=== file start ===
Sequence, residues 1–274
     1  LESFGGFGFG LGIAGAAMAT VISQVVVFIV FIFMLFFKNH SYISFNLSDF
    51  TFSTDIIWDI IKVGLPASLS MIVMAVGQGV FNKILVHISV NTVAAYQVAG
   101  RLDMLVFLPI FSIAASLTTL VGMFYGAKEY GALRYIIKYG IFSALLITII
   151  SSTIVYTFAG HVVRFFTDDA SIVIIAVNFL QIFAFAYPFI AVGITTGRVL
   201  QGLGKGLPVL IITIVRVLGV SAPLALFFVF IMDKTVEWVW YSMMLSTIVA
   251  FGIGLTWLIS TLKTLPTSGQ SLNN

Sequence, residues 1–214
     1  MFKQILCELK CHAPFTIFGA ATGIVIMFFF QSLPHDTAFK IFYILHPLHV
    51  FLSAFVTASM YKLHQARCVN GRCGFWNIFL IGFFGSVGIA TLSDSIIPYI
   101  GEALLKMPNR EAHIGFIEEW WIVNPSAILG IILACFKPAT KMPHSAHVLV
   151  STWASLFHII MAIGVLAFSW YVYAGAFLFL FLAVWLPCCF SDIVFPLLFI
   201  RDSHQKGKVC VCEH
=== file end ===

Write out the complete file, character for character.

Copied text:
Sequence, residues 1–274
     1  LESFGGFGFG LGIAGAAMAT VISQVVVFIV FIFMLFFKNH SYISFNLSDF
    51  TFSTDIIWDI IKVGLPASLS MIVMAVGQGV FNKILVHISV NTVAAYQVAG
   101  RLDMLVFLPI FSIAASLTTL VGMFYGAKEY GALRYIIKYG IFSALLITII
   151  SSTIVYTFAG HVVRFFTDDA SIVIIAVNFL QIFAFAYPFI AVGITTGRVL
   201  QGLGKGLPVL IITIVRVLGV SAPLALFFVF IMDKTVEWVW YSMMLSTIVA
   251  FGIGLTWLIS TLKTLPTSGQ SLNN

Sequence, residues 1–214
     1  MFKQILCELK CHAPFTIFGA ATGIVIMFFF QSLPHDTAFK IFYILHPLHV
    51  FLSAFVTASM YKLHQARCVN GRCGFWNIFL IGFFGSVGIA TLSDSIIPYI
   101  GEALLKMPNR EAHIGFIEEW WIVNPSAILG IILACFKPAT KMPHSAHVLV
   151  STWASLFHII MAIGVLAFSW YVYAGAFLFL FLAVWLPCCF SDIVFPLLFI
   201  RDSHQKGKVC VCEH